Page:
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Queensland Rugby League clubs will promote organ and tissue donation awareness next month when Intrust Super Cup players and referees proudly take the field in rainbow colours.

The initiative is part of the charity partnership between the QRL, Zaidee’s Rainbow Foundation and the James Ackerman Family Trust Fund.

QRL Managing Director Robert Moore and Head of Football Neil Wharton were on the Sunshine Coast today to officially launch the Zaidee’s Rainbow Foundation Round.

They were joined by James’ parents Michael and Sonya Ackerman, Zaidee’s Rainbow Foundation CEO Allan Turner (Zaidee’s proud dad), Falcons player Ryan Hansen and referee Tyson Brough.

Wharton said the rainbow round on the weekend of March 5-6 will be a terrific way to kick off the 2016 Intrust Super Cup premiership season.

Clubs contesting Round 1 FOGS Colts Challenge and Connell/Meninga Cup matches will be actively involved as well.

“The QRL is absolutely thrilled to be supporting the Zaidee’s Rainbow Foundation and of course the James Ackerman Family Trust on such a big weekend for our game,” Wharton said.

“With hundreds of players wearing Zaidee’s Rainbow Shoelaces and our referees donning special socks, Round 1 is going to be a great spectacle.

“Most importantly though, we hope the message spreads and more people become organ and tissue donors.”

Wharton said half of the proceeds from the sale of each box of shoelaces will be donated to the James Ackerman Family Trust.

“We’re so passionate about this project that we’ve elected to extend it beyond the opening week of the Intrust Super Cup with local QRL competitions across the state to get involved as well throughout the year,” he said.

While Zaidee and James never knew each other, their loving families share a special connection.

Both are comforted by the knowledge that Zaidee and James saved and improved the lives of many Australians via organ and tissue donation.

Zaidee Rose Alexander Turner – aged seven years and 22 days – died suddenly in 2004 from a burst blood vessel in her brain called a cerebral aneurysm. Zaidee’s parents, Kim and Allan, founded Zaidee’s Rainbow Foundation not long after.

At the time of Zaidee’s death, the Turner family had been registered organ and tissue donors for five years. As a result, Zaidee donated her organs and tissues at the Royal Children’s Hospital, as were her wishes at the time.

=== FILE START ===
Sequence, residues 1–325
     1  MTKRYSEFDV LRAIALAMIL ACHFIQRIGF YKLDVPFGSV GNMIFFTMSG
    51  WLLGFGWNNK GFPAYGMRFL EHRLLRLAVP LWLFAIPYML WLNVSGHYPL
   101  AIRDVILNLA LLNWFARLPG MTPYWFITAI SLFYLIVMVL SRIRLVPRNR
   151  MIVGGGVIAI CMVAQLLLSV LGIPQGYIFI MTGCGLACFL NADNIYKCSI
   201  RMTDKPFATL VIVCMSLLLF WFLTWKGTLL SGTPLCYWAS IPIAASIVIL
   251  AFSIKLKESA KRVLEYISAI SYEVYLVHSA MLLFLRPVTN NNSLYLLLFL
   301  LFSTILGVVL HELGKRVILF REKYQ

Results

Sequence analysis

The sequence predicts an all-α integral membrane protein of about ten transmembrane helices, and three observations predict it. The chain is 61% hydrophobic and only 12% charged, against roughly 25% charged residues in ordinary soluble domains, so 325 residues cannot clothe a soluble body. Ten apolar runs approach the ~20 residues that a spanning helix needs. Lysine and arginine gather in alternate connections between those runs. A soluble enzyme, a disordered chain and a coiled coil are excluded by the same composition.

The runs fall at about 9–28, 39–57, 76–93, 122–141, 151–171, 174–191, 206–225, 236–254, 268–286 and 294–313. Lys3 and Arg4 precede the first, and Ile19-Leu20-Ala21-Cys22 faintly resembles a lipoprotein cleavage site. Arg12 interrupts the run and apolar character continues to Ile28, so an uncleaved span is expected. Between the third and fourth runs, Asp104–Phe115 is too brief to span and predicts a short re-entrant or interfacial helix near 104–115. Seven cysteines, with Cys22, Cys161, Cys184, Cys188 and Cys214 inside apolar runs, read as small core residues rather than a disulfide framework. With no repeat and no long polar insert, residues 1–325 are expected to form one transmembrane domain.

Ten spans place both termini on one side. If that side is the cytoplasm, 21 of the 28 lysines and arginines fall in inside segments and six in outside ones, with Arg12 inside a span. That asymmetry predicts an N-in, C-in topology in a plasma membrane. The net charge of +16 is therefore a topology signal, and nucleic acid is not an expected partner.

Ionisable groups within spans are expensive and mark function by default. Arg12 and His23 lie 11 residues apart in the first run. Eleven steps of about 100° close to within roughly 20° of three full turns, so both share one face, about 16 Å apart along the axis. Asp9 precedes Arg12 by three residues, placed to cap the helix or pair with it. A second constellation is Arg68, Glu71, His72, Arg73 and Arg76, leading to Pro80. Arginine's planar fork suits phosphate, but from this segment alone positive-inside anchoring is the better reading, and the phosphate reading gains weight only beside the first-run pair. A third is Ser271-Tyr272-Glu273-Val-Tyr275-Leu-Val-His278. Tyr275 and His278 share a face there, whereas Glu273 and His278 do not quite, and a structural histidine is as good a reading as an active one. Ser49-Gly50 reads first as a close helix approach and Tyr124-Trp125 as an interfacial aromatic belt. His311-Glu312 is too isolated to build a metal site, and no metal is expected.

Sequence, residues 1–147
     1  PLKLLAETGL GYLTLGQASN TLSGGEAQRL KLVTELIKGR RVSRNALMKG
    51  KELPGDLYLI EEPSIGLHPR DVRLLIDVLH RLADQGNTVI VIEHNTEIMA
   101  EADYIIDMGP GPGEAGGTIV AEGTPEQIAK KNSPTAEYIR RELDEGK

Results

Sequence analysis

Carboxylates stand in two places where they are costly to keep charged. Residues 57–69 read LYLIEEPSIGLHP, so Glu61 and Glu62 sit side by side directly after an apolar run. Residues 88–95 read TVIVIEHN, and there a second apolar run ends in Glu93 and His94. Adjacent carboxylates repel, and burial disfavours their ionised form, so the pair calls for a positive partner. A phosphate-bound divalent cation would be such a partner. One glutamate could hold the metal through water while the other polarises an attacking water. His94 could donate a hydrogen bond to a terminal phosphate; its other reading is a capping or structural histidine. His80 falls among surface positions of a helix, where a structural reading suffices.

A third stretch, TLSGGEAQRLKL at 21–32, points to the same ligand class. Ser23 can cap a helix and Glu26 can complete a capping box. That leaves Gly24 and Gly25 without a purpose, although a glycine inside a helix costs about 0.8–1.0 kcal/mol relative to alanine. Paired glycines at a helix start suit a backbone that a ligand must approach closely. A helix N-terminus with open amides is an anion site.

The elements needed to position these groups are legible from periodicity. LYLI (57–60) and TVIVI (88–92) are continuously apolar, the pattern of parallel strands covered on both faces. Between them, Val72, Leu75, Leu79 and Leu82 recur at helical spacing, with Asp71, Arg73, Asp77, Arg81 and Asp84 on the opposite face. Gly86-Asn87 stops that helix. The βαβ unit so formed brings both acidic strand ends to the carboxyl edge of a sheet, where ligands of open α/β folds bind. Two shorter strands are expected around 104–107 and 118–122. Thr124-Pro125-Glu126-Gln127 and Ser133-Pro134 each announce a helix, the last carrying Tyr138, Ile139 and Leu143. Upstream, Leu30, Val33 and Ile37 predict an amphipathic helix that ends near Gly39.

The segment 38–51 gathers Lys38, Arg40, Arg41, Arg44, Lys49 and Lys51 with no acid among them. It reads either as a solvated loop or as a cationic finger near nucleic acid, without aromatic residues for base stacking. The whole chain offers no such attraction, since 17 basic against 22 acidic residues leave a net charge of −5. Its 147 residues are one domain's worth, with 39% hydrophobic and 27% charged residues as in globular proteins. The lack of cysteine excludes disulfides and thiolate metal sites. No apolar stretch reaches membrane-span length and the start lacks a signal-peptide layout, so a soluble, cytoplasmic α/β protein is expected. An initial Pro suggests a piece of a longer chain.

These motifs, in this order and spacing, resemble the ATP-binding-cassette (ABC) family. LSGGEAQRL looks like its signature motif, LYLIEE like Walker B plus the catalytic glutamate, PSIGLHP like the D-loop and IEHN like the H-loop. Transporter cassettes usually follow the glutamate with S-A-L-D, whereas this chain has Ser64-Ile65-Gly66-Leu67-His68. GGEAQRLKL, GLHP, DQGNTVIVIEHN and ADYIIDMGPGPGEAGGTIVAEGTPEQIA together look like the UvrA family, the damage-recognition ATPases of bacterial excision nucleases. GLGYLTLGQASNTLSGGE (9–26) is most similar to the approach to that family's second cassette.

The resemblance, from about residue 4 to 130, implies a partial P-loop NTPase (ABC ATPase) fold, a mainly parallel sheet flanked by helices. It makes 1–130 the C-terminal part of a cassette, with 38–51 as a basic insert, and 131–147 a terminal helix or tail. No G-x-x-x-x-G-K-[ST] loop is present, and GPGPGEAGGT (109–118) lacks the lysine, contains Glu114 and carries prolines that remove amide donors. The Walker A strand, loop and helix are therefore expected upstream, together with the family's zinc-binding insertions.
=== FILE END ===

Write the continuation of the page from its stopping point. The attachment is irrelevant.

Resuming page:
From this gift, the lives of seven people were improved and, in some cases, saved.

Mr Turner thanked the rugby league community for its support.

“This is a fantastic partnership that highlights the importance of organ and tissue donation to the wider community,” he said.

“The call of action is to all families to have a discussion about your wishes in becoming an organ and tissue donor. 

“So if you were ever in the same position as either Zaidee or James at the end of life, you would know now what those wishes would be to be an organ and tissue donor.

“Currently over 1550 people are waiting for a transplant in Australia, and many will die waiting unless more donor can be found.”

Visit the Zaidee’s Foundation website for more details.

  • Round 1 of the Intrust Super Cup season kicks off on March 5 when defending premiers the Ipswich Jets host the Norths Devils.

The Saturday afternoon match is the first of seven big games to be played across the highly-anticipated opening weekend of fixtures.

Sunday afternoon’s live Channel 9 television clash will feature the Sunshine Coast Falcons and Northern Pride.

Melbourne's NYC Thunderbolts will open the season at Sunshine Coast Stadium, their new home, this Sunday at 2.30pm against St-George Illawarra.

It will be the second game of Sunday’s Sunshine Coast double-header with Storm feeder side the Falcons also kicking off their season against Northern pride at 12.30pm.

Storm Queensland-based members will have free entry on the day with activities such as a jumping castle and face painting available for the kids to enjoy.

Fans can also click here to purchase tickets.

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Melbourne Storm respect and honour the Traditional Custodians of the land and pay our respects to their Elders past, present and future. We acknowledge the stories, traditions and living cultures of Aboriginal and Torres Strait Islander peoples on the lands we meet, gather and play on.

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